You have undoubtedly heard of existentialism, a philosophical position based on personal choice without the benefit of normative judgment. I reject it since driving through a red light is hazardous to your health.

However, I am a resistentialist, an eponymous condition in which adherents categorically reject the fatuities of modern life. Let me cite several examples.

Automobile manufacturers produce a car with 300 horsepower that can easily achieve speeds of 120 miles per hour so that the car can remain stalled on the Long Island Expressway during rush hour.

Art is often described as post-modern, a school that has flash but no pan. However, if modern is new, how can you be post new? In fact, at what point does new go post?

Texting is the communications channel of the young. But from what I can discern it is an addiction to banality since the text hasn't any substance and the language is puerile shorthand, e.g., RUOK?

The iPod is one of those devices that permits cultural toxins such as rap music to enter the brain without filter. It inflicts a form of Parkinson's disease on its adherents who find it very difficult to stand still.

These examples are the symptoms of modernity that resistentialists oppose. Fortunately personal liberty suggests you don't have to drive a car with a turbo engine or admire Michael Graves' architecture or use a handheld device to communicate or put any electronic wiring in your ears. But it is hard to avoid the conditions of modernity since they are osmotic, in the cultural air surrounding us.

Hence resistentialists must be tough-minded cultural snobs who reject the lure of advertisers and marketing mavens. They are obliged to write their own social scripts. "I won't go there; I won't touch that item" is the lamentation of resistance.

When the pressures are great and they will be, especially as the teenage daughter demands her own iPad, the emotional test begins. If the resistentialist concedes he will become a "resentialist," browbeating himself for the concession. If he doesn't concede, the children will harangue and display the unadorned bad behavior their uncivilized friends will encourage.

There aren't many triumphal moments for the resistentialist, but the few he does experience are memorable. I recall with satisfaction my resistance to the plasma screen TV. After all, I noted, is it really so different from the conventional color TV? "Well," said the salesman "Yes, it is different and it will change the nature of viewing." I wasn't about to change my viewing patterns and would certainly not do so for $2500. So I resisted. A year later this same television set sold for $2000 and despite entreaties from my family, I remained firmly opposed. By the third year the price was $1200 and I conceded, but at least I had the satisfaction of knowing my resistance saved $1300. Needless to say, others didn't see it that way. "Dad, you denied us three years of viewing pleasure." That was the price they had to pay for my resistentialist dedication.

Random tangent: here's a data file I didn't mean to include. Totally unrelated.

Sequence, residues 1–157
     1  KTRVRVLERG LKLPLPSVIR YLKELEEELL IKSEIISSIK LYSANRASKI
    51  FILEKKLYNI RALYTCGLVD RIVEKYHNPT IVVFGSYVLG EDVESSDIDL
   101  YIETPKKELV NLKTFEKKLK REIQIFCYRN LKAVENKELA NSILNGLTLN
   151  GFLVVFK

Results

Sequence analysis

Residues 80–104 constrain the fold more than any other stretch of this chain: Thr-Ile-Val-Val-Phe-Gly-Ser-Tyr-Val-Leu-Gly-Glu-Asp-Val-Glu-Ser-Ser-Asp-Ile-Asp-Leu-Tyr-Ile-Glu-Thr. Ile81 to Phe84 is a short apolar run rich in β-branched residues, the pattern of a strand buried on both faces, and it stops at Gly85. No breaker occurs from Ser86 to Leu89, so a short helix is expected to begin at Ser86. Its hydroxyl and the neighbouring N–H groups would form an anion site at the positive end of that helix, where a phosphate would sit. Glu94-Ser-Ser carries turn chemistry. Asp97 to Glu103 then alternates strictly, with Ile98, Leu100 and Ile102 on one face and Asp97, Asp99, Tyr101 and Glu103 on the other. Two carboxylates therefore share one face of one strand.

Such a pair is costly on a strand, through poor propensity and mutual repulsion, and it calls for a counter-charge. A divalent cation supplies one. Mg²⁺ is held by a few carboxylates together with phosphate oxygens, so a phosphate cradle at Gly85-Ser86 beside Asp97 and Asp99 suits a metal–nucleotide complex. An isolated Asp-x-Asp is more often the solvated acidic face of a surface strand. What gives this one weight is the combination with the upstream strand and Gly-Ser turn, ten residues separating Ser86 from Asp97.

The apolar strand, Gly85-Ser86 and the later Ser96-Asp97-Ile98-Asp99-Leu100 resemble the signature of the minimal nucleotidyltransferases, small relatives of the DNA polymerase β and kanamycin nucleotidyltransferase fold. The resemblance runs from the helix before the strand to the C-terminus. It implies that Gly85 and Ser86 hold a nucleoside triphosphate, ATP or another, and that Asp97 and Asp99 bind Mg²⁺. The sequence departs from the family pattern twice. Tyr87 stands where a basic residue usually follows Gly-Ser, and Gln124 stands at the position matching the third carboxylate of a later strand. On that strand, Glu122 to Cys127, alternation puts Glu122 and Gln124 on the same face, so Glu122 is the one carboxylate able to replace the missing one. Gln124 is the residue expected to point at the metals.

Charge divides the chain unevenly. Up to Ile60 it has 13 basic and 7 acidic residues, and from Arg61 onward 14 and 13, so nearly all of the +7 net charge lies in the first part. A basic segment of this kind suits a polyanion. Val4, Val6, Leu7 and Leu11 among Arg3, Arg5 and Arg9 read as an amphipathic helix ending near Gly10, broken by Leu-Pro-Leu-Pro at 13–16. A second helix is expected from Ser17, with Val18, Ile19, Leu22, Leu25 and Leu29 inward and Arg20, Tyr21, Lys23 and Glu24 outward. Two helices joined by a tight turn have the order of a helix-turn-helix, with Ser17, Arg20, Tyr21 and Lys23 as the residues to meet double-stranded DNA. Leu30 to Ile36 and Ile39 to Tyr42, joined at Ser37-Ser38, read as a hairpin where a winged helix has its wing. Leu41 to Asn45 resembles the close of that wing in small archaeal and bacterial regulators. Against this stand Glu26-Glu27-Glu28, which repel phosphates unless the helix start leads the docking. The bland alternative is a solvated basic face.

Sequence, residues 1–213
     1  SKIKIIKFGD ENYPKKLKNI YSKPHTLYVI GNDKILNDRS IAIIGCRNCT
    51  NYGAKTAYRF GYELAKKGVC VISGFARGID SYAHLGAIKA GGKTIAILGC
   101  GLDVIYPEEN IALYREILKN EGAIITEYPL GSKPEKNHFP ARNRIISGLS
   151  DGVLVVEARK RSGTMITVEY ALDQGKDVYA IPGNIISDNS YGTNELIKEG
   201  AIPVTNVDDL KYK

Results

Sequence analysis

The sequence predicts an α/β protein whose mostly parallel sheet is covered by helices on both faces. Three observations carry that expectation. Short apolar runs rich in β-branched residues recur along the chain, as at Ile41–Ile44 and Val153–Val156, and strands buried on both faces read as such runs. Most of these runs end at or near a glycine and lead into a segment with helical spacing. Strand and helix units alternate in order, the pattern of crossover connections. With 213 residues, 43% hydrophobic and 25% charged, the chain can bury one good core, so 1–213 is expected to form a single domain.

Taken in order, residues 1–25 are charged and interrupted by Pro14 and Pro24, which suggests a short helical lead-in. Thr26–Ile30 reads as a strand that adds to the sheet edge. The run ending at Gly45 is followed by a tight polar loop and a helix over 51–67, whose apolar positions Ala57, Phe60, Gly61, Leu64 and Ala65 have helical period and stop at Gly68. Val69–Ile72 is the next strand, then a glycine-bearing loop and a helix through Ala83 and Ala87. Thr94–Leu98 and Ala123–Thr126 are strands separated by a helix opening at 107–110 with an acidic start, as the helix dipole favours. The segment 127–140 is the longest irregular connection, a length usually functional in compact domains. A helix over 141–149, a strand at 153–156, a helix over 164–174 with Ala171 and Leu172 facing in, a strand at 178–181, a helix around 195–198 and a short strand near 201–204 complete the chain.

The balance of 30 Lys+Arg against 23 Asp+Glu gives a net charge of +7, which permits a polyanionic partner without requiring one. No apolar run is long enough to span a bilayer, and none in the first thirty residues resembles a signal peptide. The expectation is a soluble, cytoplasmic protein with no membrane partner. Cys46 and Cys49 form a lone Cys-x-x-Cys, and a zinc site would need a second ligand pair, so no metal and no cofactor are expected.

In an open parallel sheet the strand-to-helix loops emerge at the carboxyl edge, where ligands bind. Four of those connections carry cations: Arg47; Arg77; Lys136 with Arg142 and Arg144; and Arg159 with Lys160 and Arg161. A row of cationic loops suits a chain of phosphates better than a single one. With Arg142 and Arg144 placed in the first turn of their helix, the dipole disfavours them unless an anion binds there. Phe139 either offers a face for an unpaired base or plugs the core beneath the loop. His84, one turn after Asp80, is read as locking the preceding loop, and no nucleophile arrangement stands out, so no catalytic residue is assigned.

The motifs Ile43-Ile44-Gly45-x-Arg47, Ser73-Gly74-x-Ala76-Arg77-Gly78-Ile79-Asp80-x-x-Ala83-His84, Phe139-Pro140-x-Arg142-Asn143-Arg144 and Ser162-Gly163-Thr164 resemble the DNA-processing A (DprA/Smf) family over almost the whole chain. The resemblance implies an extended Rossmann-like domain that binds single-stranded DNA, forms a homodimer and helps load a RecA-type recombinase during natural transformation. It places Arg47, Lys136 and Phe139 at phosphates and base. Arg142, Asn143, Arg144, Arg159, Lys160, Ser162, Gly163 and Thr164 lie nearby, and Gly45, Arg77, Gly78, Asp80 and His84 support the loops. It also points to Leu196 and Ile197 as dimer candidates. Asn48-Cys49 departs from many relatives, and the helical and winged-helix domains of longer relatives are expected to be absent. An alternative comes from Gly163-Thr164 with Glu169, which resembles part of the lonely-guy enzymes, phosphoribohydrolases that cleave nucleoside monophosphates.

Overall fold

I doubt my obdurate stance will catch on as a public philosophy. Camus and Sartre need not worry about the rise of resistentialism as an antidote to their existential views, but one never knows. I am confident there are others who see the silliness in so much of modern life. But I should note, before you get the wrong idea, that there is much about modernity I embrace including freedom and even many aspects of technology. I am not a Luddite; modern toilets suit me very well.

But absurdities abound. I would like to know what "free range" chickens do that chickens in a coop do not. I would like to know why a player has to dance in the end zone if he scores a touchdown? And I would love to know why the brim of a baseball cap is now worn on the side of one's head.

I resist all of this, all of the absurdity that accompanies contemporary life. And I have incorporated my beliefs into this philosophical stance. I don't know if I can stick to my guns, but you can be sure I intend to try. Viva resistentialism! *

"The battle, sir, is not to the strong alone; it is to the vigilant, the active, the brave." --Patrick Henry

We would like to thank the following people for their generous support of this journal (from 9/13/2010 -- 11/15/2010): John D. Alt, George E. Andrews, William D. Andrews, Ariel, Gordon S. Auchincloss, A. D. Baggerley, Douglas W. Barr, George L. Batten, Charles Bescheidt, Georges A. Bonnet, Peter Boosalis, Wesley Borntrager, Patrick J. Buchanan, Price B. Burgess, William C. Campion, Dino Casali, Garry W. Croudis, Betty G. Davis, Dianne C. DeBoest, Peter R. DeMarco, Francis P. Destafano, Alice DiVittorio, Don Dyslin, Nicholas Falco, Joe Fetzer, Joseph C. Firey, Nansie Lou Follen, Donald G. Galow, John B. Gardner, Robert C. Gerken, Gary D. Gillespie, William B. Glew, Mart A. Grams, Hollis J. Griffin, Joyce H. Griffin, Richard P. Grossman, Violet H. Hall, Weston N. Hammel, Bernhard Heersink, Jaren E. Hiller, John A. Howard, Thomas E. Humphreys, David Ihle, Burleigh Jacobs, Edgar Jordan, Margaret Kearney, Robert E. Kelly, Frank G. Kenski, Joseph D. Kluchinsky, Gloria Knoblauch, Charlesd B. Koehler, Robert M. Kubow, Mark S. Laboe, Alan Lee, Mildred S. Linhof, Gregor MacDonald, Cary M Maguire, Roberta R. McQuade, Eugene F. Meenagh, Woodbridge C. Metalf, Albert D. Miller, David P. & Barbara R. Mitchel, Jerry W. Moore, Robert A. Moss, John M. Nickolaus, David Norris, King Odell, Michas M. Ohnstad, Harold K. Olson, Clark Palmer, Gregory J. Pulles, Jack Rice, Paul T. Riel, Patrick L. Risch, Irene L. Schultz, Harry Richard Schumache, William A. Shipley, Elsbeth G. Smith, Lee Stoerzinger, Michael S. Swisher, Taki Theodoracopulos, Paul B. Thompson, Pat Tinucci, Elizabeth E. Torrance, Thomas Warth, Thomas H. Webster, John V. Westberg, T. James Willett, Gaylord P. Zabulba.

Read 2211 times Last modified on Sunday, 29 November 2015 09:51
Herbert London

Herbert London is president of the London Center for Policy Research and is co-author with Jed Babbin of The BDS War Against Israel.